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Title: Geochemical evolution of Andean arc volcanism and the uplift of the Andes
Author: Scott, Erin Margaret
ISNI:       0000 0004 7962 6750
Awarding Body: Durham University
Current Institution: Durham University
Date of Award: 2019
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The Andean Plateau is the only modern-day orogenic plateau formed by subduction and not continental collision. The geodynamic mechanisms responsible for initiating crustal shortening and thickening in the Andes at ~70 Ma, after subduction had been ongoing for over 200 Ma, are still debated. The timing of Andean surface uplift is also controversial, and currently two models remain prevalent: (1) slow and steady uplift synchronous with crustal shortening from ~70-50 Ma, and (2) rapid surface uplift of up to 2 km in the last 20-16 Ma, resulting from large scale lower lithosphere removal or lower crustal flow. We find a very strong correlation between Nazca plate age entering the trench and Andean crustal thickness (r = 0.939; r2 = 0.882; p value < 0.01). Thrust earthquakes at the Nazca-South America plate interface occur only where the slab age at the trench is older than 30 Myr, except where oceanic ridges are colliding with the trench. Based on these observations a new hypothesis is proposed, that long-term subduction of intermediate aged oceanic lithosphere (~30-80 Myr) can provide an explanation for the initiation and distribution of crustal shortening in the Andean plate. Intermediate aged slabs have a greater mechanical strength than weak and young oceanic lithosphere (< 30 Myr), but a greater positive buoyancy compared to older slabs. These slab properties combined with trench-ward overriding plate motion transmit higher compressional stress into the overriding South American plate than during other subduction zone configurations. A new approach is used to constrain regional Andean surface uplift. Cross correlations are tested between several physical parameters relating to the Andean subduction zone and several geochemical parameters from Andean arc volcanoes. 87Sr/86Sr and 143Nd/144Nd ratios have the strongest correlations with both crustal thickness and, due to isostasy, elevation. Very strong linear correlations exist between smoothed elevation and 87Sr/86Sr (R2=0.858, n=17) and 143Nd/144Nd (R2=0.919, n=16) ratios of non-plateau arc lavas. 87Sr/86Sr and 143Nd/144Nd ratios of lavas erupted through the Andean Plateau are distinctly crustal (> 0.705 and < 0.5125, respectively) and can be used as a plateau discriminant. These relationships are used to constrain 200 Myr of surface uplift history for the Western Cordillera (present elevation 4200±516 m). Jurassic-Paleogene isotope compositions (including new Paleogene analyses) became gradually more 'crust-like' over time, yet the distinct isotope signatures relating to the Andean Plateau were not achieved until the Miocene (23 Ma). Results support the slow and steady surface uplift model, synchronous with gradual crustal shortening and thickening. The isotope paleo-elevation model predicts that current elevations were attained in the Western Cordillera by 23 Ma. From 23-10 Ma, both deformation and surface uplift gradually propagated southwards by ~400 km.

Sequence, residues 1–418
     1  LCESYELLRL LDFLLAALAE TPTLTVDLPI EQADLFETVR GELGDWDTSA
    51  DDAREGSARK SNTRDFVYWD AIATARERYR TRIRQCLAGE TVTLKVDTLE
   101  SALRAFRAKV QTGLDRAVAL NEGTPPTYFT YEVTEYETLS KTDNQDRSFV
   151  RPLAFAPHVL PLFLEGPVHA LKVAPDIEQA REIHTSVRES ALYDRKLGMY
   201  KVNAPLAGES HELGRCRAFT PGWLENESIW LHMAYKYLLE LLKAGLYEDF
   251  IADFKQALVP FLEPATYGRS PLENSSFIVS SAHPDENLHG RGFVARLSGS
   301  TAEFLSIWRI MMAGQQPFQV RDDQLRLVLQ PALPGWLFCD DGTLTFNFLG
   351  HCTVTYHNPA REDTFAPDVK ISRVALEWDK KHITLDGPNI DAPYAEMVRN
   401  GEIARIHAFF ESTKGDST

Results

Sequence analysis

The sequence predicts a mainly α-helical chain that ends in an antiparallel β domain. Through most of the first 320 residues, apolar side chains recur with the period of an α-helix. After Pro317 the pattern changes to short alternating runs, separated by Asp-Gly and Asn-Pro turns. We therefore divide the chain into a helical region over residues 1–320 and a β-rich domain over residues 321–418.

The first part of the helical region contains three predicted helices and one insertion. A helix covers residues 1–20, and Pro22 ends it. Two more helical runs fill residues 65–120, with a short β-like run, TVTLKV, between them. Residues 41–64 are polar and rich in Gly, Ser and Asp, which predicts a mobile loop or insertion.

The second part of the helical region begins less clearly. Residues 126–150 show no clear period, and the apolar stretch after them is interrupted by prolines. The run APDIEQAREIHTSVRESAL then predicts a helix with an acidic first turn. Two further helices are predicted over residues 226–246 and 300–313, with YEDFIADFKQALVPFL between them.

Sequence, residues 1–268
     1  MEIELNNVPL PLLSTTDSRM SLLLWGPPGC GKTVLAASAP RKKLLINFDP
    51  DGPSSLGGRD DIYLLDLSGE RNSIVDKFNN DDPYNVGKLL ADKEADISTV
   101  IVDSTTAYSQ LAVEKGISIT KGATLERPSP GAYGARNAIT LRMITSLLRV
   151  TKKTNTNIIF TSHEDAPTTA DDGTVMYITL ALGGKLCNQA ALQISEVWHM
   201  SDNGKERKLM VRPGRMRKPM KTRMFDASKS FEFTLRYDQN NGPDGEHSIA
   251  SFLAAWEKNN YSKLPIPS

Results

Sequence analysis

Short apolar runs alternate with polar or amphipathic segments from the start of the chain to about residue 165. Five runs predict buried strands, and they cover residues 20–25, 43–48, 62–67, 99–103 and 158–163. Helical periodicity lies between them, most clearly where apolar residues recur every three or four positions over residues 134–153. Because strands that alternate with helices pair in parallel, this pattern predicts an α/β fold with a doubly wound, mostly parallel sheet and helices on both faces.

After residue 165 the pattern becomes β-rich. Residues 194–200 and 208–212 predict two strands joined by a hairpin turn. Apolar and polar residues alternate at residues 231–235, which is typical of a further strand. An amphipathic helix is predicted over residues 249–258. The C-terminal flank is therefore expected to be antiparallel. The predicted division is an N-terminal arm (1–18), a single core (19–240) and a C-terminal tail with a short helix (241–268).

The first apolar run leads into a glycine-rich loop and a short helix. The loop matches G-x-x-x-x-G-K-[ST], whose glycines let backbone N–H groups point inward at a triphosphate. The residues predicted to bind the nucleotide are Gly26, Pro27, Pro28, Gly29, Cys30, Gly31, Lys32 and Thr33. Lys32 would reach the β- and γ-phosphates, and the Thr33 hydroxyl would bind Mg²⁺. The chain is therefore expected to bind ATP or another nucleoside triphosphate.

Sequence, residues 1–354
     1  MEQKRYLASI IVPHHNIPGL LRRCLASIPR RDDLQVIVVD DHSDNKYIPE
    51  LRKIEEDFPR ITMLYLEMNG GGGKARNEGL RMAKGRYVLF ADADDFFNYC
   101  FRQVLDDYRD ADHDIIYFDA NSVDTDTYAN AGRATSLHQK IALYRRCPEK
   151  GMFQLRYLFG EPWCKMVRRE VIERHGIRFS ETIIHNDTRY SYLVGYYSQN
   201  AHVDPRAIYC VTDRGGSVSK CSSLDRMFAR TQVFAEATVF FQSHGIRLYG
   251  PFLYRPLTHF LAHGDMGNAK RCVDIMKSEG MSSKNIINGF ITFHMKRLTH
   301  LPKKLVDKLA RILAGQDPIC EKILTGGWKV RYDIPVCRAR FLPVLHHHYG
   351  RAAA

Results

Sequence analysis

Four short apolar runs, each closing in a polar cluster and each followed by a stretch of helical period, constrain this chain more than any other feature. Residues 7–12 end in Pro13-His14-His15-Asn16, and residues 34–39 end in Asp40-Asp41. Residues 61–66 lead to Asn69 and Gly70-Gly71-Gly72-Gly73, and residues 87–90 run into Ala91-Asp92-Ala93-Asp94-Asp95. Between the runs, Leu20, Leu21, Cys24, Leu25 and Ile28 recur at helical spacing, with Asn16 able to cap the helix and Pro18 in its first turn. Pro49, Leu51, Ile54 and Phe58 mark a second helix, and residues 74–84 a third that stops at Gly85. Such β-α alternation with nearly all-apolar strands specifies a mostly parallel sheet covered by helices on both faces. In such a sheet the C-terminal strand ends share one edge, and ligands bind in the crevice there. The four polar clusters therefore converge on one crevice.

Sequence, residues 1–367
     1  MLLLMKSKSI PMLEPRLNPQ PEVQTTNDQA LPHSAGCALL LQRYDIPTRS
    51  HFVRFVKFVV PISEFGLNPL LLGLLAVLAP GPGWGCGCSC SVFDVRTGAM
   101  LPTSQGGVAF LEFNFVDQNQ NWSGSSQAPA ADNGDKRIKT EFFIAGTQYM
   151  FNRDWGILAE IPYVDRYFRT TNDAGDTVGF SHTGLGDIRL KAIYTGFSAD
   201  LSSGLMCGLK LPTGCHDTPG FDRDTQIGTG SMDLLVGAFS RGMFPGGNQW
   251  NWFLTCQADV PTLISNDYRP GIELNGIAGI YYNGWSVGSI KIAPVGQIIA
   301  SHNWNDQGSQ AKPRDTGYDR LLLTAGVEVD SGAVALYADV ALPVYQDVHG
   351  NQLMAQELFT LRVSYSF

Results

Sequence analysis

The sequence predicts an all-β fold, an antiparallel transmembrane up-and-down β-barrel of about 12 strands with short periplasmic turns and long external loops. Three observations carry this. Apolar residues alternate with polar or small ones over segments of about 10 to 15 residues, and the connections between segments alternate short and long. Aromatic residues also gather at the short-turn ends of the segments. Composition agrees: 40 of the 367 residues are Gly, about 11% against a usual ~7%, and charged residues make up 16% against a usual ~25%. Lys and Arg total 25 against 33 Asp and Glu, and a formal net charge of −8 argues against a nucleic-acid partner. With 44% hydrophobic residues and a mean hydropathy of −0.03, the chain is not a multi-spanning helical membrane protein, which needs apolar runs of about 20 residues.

Supervisor: Not available Sponsor: Not available
Qualification Name: Thesis (Ph.D.) Qualification Level: Doctoral
EThOS ID:  DOI: Not available